All The FUN of the FAIR: Carter’s Fair, Dulwich, London.
Camera Canon S90.
Settings. ISO 100, 1/500th sec, f/5.6, 6mm.
Last Sunday afternoon we decided to visit Carter’s Steam Fair in Dulwich, it was the last day of the fair and there were lot’s of people around. I was immediately impressed by the quality, style and colour of exceptionally well maintained travelling wagons. Definitely brought back memories of the fairs of yesteryear…. The senses were bombarded with the smells of the fair too; candy floss, hot-dogs and burgers filled the air. Ice Cream vans with queueing children eager for that cooling cream. Sounds filled the air; screams and squeels of delight from children. Smiles on people’s faces and the atmosphere of sheer unadulterated fun. You’ll love a visit to Carter’s Steam Fair… History Below…
Carter’s Steam Fair History
Carters Steam Fair was born from one mans vision, inspired to collect vintage Fairground rides before it became fashionable to do so, this man was my late husband John Carter.
John had always had a passion for gathering old and interesting items, ranging from slot machines, American cars, horn gramophones, postcards, 78rpm jazz records, pottery, tins etc etc. when his collecting obsession moved onto fairground rides we catapulted into an entirely new league, the house was at bursting point, it was a mission to find enough floor space to access the settee, not that there was enough time left in the day to enjoy
the luxury of sitting on it!
The front garden now became a Showman’s yard, corrugated tin shed springing
up as the demand required, at this point the neighbours started to complain.
For some reason I went along with John’s schemes, he processed a great knack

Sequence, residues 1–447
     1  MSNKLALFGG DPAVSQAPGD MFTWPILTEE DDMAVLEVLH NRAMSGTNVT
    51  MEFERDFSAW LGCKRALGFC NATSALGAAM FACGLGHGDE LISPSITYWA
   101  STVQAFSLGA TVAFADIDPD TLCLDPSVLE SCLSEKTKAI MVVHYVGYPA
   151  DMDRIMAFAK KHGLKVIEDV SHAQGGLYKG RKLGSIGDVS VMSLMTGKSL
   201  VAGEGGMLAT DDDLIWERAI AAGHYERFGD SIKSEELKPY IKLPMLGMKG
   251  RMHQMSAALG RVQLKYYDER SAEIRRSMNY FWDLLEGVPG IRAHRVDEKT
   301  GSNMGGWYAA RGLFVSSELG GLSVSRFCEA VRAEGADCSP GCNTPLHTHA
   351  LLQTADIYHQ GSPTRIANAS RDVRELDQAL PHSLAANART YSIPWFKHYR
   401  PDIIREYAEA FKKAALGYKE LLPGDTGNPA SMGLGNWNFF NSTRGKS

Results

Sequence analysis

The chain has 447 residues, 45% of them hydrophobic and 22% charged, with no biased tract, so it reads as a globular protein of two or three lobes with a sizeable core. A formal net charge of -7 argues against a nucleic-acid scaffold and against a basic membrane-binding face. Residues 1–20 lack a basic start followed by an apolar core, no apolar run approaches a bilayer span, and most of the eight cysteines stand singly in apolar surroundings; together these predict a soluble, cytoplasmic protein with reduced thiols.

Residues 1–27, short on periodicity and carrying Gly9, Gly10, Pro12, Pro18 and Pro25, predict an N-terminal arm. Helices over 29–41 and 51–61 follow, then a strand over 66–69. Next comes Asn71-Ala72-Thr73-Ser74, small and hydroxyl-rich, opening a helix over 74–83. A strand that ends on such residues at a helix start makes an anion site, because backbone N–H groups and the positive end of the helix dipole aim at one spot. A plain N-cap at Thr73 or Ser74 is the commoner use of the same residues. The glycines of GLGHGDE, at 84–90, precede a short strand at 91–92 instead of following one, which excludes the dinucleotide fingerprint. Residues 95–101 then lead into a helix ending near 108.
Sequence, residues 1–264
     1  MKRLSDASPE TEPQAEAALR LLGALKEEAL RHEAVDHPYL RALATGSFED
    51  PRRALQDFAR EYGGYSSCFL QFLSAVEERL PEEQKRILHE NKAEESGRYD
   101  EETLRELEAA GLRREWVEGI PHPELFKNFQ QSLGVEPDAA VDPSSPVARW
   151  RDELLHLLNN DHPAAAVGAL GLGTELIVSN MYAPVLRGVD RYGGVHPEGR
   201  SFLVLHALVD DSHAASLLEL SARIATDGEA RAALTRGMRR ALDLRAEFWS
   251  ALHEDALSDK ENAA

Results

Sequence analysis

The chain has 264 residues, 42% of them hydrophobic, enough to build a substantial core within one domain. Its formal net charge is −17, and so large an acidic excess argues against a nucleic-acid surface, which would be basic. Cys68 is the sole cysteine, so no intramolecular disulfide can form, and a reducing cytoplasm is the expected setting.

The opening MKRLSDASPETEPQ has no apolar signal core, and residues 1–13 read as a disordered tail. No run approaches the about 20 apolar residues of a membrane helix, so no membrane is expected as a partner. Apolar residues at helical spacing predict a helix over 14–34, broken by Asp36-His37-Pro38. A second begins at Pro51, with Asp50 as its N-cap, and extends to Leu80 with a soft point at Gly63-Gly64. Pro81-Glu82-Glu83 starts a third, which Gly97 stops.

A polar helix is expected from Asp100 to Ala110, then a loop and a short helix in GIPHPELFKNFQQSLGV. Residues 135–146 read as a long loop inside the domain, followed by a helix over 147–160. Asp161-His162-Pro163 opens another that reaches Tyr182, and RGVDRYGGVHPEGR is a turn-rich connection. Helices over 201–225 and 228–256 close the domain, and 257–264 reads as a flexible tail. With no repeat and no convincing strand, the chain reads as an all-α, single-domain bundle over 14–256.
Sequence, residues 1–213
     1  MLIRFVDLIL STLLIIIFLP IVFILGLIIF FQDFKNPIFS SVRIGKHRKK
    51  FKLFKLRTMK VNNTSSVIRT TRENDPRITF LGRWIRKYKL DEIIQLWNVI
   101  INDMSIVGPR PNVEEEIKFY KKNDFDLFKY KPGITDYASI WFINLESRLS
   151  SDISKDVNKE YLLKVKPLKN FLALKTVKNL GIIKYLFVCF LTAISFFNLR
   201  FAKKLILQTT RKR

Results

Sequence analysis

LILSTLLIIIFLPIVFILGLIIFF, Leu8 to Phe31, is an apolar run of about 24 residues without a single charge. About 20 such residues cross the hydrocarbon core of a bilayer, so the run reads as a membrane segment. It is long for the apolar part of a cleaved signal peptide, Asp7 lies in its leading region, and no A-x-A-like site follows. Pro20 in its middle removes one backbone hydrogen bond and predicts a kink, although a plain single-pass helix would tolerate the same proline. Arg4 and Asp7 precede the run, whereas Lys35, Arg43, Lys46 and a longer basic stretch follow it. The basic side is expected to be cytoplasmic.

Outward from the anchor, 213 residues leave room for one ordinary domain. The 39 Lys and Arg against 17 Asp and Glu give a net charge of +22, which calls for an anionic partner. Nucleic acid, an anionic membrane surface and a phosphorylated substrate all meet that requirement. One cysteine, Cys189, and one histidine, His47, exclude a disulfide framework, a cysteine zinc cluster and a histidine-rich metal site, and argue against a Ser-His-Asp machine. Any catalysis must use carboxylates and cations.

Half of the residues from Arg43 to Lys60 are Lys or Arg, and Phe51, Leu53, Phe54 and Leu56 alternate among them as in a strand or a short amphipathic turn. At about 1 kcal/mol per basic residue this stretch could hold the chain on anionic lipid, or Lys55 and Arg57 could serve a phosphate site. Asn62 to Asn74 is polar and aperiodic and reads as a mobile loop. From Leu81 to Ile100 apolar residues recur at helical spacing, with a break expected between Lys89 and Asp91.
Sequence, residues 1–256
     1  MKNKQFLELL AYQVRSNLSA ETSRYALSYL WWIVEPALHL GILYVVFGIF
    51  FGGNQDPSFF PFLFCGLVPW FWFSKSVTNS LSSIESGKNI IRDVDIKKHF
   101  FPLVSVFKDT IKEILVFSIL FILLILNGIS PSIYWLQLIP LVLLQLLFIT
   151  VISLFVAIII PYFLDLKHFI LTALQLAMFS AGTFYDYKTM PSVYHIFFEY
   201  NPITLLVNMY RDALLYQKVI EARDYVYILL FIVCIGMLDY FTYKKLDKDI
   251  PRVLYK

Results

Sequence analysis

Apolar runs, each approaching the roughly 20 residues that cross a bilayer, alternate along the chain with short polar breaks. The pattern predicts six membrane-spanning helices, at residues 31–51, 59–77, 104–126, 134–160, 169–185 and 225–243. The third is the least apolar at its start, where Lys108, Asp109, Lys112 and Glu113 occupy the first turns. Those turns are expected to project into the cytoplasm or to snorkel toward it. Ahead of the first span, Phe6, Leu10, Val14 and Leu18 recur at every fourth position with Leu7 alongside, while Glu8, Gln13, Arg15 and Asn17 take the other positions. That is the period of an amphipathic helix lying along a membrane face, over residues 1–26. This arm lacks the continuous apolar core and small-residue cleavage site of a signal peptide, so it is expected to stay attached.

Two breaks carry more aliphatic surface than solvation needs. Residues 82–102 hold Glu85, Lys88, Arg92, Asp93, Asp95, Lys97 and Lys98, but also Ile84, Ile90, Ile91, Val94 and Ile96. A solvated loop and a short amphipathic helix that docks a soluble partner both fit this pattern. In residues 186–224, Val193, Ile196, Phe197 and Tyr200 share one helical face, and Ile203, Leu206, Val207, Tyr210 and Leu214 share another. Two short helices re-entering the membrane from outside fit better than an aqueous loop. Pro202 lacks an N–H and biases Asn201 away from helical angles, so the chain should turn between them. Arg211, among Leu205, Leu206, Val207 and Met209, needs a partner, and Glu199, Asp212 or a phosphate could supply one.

of infusing everyone with enthusiasm, also I found my niche decorating the
rides, I discovered that I loved it.
The children were involved at an early age, helping in the sheds, the elder ones looking after the younger ones while we worked and finally learning to hop on the Gallopers and take money, from the start its been a family affair.
Sometimes when we are winching on or off a sodden ground with the rain slashing down and a howling gale, I do question my sanity, but on the up side we get such satisfaction from what we do, the first opening of the season when the fair opens and people come along to enjoy themselves is a pleasure, I want them to have lasting memories of the good time they had on
My Sons have taken over the day to day of running the Fair since John’s untimely death in 2000, they move it from site to site, set out the ground and operate the rides. Its an arduous lifestyle, especially for the wives waiting for vans to be put in place, water to be plumbed in and generators to be switched when we arrive at a new site, bringing up a family in vintage
living vans is not an easy task, the girls all get involved towing trailers and helping their husbands on a day to day basis. On the positive side the lifestyle is never dull, we have companionship, camaraderie and independence, more excitement than the average soap opera and the satisfaction of knowing what fun we bring to families.
I Sometimes think the public don’t really have any concept of how we function, I’m often asked what we do in the winter, do we go abroad and soak up the sun on some exotic beach for a few months?
Winters are spent in the workshops, maintaining and painting rides, stalls and transport, investing in new projects to keep the Fair exciting and interesting. The family have developed a wide range of skills from decorating rides, applying gold leaf, signwriting to maintaining old equipment, and undertaking major restoration projects. We all find the winter work very satisfying.